One more question then. Over here (http://www.maximintegrated.com/datasheet/index.mvp/id/1522), Icc is specified as 0.375 mA typical, the PDF datasheet I have says max 1.000 mA. So I assume it will be safe to power the chips from the Arduinos 5V if the local Arduino is USB powered?
Title: Re: Communicating with an Arduino that is relatively far away
Post by: retrolefty on Nov 14, 2012, 02:58 pm

Thanks guys, really appreciate your input! :)

One more question then. Over here (http://www.maximintegrated.com/datasheet/index.mvp/id/1522), Icc is specified as 0.375 mA typical, the PDF datasheet I have says max 1.000 mA. So I assume it will be safe to power the chips from the Arduinos 5V if the local Arduino is USB powered?


Certainly.
Title: Re: Communicating with an Arduino that is relatively far away
Post by: radman on Nov 15, 2012, 04:38 pm
Quote
I have experience with RS-485 but Lefty has made a career of using it in very bad environments


Why use RS485 though rather than RS422 if there is no need to multidrop?
Title: Re: Communicating with an Arduino that is relatively far away
Post by: graynomad on Nov 15, 2012, 05:52 pm
I don't think it matters here. 485 has better common-mode voltage specs, and I think the chips are easier to find and there's a larger range, but either is good I think.

_____
Rob
Title: Re: Communicating with an Arduino that is relatively far away
Post by: retrolefty on Nov 15, 2012, 06:10 pm
Yes either can be made to work as long as the driver chip on one end is the same 'flavor' as the receiver chip at the other end.

By the way Wikipedia shows a good three resistor termination method one can use on the receiver end of each path (if using two pair full duplex) which will ensure no false data hits due to noise in case the far end of a link is powered off, it's shown in the first picture showing a series 680 ohm, 120 ohm, 680 ohm resistors wired to the recievers Vcc and ground and A and B signal pins. Good idea.

http://en.wikipedia.org/wiki/EIA-485

Lefty
Title: Re: Communicating with an Arduino that is relatively far away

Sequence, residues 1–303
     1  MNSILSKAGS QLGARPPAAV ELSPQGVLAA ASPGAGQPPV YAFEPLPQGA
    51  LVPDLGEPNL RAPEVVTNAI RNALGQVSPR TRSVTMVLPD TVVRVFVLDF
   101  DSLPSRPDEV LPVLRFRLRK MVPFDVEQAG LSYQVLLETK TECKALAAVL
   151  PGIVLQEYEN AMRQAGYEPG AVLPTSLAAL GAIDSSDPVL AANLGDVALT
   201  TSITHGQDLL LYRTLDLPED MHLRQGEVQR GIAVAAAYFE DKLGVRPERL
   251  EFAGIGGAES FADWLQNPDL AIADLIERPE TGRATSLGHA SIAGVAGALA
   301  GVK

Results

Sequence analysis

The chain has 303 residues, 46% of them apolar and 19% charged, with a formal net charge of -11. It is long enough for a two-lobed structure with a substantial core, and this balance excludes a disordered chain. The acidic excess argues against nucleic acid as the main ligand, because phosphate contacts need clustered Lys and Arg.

Post by: nicov on Feb 28, 2013, 10:25 pm
I finally got around to finishing this up.. And wanted to update the thread with some findings.
The first is that the remote/RX end pin 3/DE must in fact be grounded. I just got garbage if I didn't ground it.
The other is that B on one end must be connected to B on the other end, and A to A. Connecting B to A and vice versa also gave garbage.
It seems to work fine without the resistors too, but I assume that may change with longer distances so I put them there anyway.
Figured this stuff might be good to know.

The chips I'm using are MAX3082E. Amazingly everything worked as expected the first time I connected it, I had to actually disconnect some stuff to make sure it wasn't just the software fooling me ;) This weekend we'll test with a longer cable in between.

Thanks again for all the help!
Title: Re: Communicating with an Arduino that is relatively far away
Post by: nicov on Mar 04, 2013, 03:07 pm
Another update.. We put the stuff to the test this weekend. Using 75 meters of cat6 cable between the 2 sides, in an electronically noisy outdoor environment, the chips powered by the Arduinos +5V pin, 2 chips per Arduino/side, no common ground. To top it off temperatures were -15C/5F and there was a blizzard going on.

The result of the test was that everything worked perfectly fine, no trouble whatsoever! :)
Title: Re: Communicating with an Arduino that is relatively far away
Post by: graynomad on Mar 04, 2013, 03:24 pm
Good stuff.

______
Rob